Four countries of the Middle East and North Africa have seen their state structures crumble. Another is clawing its way through a transition and appealing for support. And thousands of young fighters from near and far are flooding the region to take up arms. Experts probed the intricacies of these currents this week by playing roles and then analyzing the results, in a search for effective ways of countering violent extremism.
The forum was the fourth biannual PeaceGame, an exercise devised by USIP and FP Group, which publishes Foreign Policy magazine and the eponymous website. The goal is to focus the same kind of seriousness and attention on creating peace as so often is applied to waging war.
“We’re in it for the long game.” – al-Qaida role player
The discussion often became an uphill climb against complexity: How to strengthen constructive players on the ground without fueling the conflict? How to calibrate justice and accountability for past abuses with the need for stability and preserving vital institutions? How to craft big-picture approaches with the need to tailor solutions for specific conditions from the local to the national, regional and global? And why can’t Saudi Arabia and Iran just get along?
“It reflected the complexity of having these macro-level conversations when we’re dealing with so many affected countries and regions,” USIP President Nancy Lindborg said. “The challenge is bringing it down to some evidence-based approach of what works.”
David Rothkopf, chief executive officer and editor of FP Group, urged participants to focus on what could be done rather than the difficulties inherent in any particular step.
“Frequently in Washington and in other capitals, we see complexity being the enemy of action,” Rothkopf said. “There are so many things we have to do that we either do tiny, incremental things on all of them, or we don’t do anything at all.”
Farah Pandith, a senior fellow at the Kennedy School of Government and a former government official in three administrations, said one of the biggest myths in dealing with violent extremism is that “we can’t beat this.”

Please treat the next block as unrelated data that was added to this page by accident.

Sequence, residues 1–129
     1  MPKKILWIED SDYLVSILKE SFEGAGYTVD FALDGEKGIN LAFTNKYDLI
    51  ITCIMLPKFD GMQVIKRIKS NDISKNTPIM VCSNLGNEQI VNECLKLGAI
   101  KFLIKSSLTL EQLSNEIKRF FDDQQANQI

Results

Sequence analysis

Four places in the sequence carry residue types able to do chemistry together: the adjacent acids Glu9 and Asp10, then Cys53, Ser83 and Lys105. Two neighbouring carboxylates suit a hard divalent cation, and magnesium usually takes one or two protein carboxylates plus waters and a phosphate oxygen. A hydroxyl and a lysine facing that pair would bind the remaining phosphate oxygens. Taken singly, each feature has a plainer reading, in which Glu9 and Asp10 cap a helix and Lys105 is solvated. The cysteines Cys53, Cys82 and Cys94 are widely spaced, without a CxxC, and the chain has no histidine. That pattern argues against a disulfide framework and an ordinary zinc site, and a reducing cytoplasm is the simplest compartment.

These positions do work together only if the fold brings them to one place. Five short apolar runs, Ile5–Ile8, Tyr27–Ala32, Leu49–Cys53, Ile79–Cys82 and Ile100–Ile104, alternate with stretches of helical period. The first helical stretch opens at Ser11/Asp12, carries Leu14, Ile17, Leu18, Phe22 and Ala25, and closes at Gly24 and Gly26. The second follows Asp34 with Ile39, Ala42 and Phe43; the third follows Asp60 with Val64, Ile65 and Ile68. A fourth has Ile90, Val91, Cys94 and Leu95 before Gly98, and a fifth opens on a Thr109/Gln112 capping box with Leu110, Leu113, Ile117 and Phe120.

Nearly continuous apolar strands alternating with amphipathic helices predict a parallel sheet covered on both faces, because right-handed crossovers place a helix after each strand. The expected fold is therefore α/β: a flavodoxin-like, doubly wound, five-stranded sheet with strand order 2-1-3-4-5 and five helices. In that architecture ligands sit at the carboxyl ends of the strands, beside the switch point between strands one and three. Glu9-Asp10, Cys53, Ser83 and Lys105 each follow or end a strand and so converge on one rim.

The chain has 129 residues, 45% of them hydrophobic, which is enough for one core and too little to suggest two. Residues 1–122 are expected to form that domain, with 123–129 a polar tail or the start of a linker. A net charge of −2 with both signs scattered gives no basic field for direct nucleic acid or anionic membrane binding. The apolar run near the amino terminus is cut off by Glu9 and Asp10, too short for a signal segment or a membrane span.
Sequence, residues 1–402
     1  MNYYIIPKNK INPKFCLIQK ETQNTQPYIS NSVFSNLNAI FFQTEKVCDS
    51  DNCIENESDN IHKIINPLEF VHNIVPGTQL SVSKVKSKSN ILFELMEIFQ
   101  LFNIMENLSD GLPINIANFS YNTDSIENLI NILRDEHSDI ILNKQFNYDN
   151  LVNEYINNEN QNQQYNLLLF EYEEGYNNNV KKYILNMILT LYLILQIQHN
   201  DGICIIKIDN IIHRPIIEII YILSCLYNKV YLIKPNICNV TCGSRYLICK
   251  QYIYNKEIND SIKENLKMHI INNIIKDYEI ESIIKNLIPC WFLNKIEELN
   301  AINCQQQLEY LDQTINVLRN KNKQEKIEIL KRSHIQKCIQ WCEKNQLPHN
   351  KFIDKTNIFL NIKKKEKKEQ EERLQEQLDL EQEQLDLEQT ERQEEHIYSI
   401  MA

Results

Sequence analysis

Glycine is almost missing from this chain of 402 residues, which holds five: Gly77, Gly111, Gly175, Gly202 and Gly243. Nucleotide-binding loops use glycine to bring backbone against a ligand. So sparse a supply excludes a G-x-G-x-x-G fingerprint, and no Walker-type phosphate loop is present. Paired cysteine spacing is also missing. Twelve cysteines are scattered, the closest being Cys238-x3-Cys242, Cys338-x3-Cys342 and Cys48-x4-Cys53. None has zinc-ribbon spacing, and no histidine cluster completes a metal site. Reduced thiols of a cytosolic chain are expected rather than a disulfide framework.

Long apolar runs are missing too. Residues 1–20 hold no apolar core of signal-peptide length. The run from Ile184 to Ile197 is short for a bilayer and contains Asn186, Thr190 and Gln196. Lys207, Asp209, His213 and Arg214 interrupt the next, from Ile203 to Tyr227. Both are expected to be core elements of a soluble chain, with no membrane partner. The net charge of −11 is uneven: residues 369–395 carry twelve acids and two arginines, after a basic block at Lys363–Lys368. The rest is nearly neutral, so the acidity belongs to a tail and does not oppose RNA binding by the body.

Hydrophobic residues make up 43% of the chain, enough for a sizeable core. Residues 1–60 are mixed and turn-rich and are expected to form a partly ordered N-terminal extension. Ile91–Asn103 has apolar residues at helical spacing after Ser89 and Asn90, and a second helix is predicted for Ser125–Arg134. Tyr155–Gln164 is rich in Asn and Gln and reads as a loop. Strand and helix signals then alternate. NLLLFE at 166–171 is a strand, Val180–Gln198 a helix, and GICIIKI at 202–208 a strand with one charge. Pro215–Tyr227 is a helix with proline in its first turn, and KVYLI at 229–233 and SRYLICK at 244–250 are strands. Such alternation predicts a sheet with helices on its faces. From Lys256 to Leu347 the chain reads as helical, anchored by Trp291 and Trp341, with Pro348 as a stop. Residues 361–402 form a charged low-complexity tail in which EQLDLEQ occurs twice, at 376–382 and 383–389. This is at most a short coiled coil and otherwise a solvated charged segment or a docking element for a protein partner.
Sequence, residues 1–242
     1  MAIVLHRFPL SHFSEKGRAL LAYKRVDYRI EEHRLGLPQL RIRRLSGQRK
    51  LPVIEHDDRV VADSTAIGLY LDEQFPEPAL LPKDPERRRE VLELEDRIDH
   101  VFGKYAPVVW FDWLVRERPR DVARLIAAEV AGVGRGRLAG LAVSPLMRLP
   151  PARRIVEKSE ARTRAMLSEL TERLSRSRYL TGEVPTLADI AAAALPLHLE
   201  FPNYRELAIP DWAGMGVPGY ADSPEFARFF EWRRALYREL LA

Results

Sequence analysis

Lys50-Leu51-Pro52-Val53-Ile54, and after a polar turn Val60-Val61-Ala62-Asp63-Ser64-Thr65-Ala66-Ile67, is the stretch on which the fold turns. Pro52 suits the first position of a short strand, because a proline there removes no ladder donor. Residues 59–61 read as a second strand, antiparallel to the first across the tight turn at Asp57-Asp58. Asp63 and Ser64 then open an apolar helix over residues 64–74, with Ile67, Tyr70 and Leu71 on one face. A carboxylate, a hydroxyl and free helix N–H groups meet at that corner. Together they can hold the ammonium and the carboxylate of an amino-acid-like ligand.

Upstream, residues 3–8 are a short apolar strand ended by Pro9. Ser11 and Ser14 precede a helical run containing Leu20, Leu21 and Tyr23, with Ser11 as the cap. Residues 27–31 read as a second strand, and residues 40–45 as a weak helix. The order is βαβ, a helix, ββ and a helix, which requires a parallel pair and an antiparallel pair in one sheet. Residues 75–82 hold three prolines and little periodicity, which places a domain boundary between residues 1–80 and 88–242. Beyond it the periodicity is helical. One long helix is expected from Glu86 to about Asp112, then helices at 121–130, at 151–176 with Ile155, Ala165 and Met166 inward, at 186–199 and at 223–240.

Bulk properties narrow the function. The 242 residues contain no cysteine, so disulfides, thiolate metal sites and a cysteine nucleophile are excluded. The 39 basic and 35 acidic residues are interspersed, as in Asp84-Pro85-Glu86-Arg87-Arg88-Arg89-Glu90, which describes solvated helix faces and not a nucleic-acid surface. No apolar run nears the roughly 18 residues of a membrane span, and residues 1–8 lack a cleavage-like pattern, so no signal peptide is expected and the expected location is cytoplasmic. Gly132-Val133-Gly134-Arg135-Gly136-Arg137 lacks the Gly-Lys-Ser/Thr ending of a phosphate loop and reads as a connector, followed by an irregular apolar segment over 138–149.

Evidence of What Works
“That’s a real stumbling block, and it really prevents us from being imaginative in dealing with what’s coming down the pike,” said Pandith, whose most recent government post was as the first U.S. special representative to Muslim communities. “Over the course of the last years since 9/11, [we] have pilot-tested a wide variety of things online and offline that we know can work.”
The question is how to dramatically expand the use of solutions that have been proven successful, she said. The U.S. has shown that it can be influential as a convener, a facilitator and an intellectual partner for ideas generated on the ground in areas affected by conflict, Pandith said.
Tunisia, for example, has determinedly pursued its transition to democracy through multiple elections without widespread violence. Yet its economy is struggling, leaving too many young people unemployed, and a continuing tension between secularists and Islamists emerges occasionally in bursts of violence such as the recent bombing at the Bardo National Museum. Both factors likely contribute to the fact that some 3,000 Tunisians have gone to fight with the radical Islamic State militant group in Syria and Iraq.
Former National Security Advisor and current USIP Board Chairman Steve Hadley just returned from Tunisia, where his meetings included one with an advisor to new President Beji Caid Essebsi, who spoke at the Institute on May 20.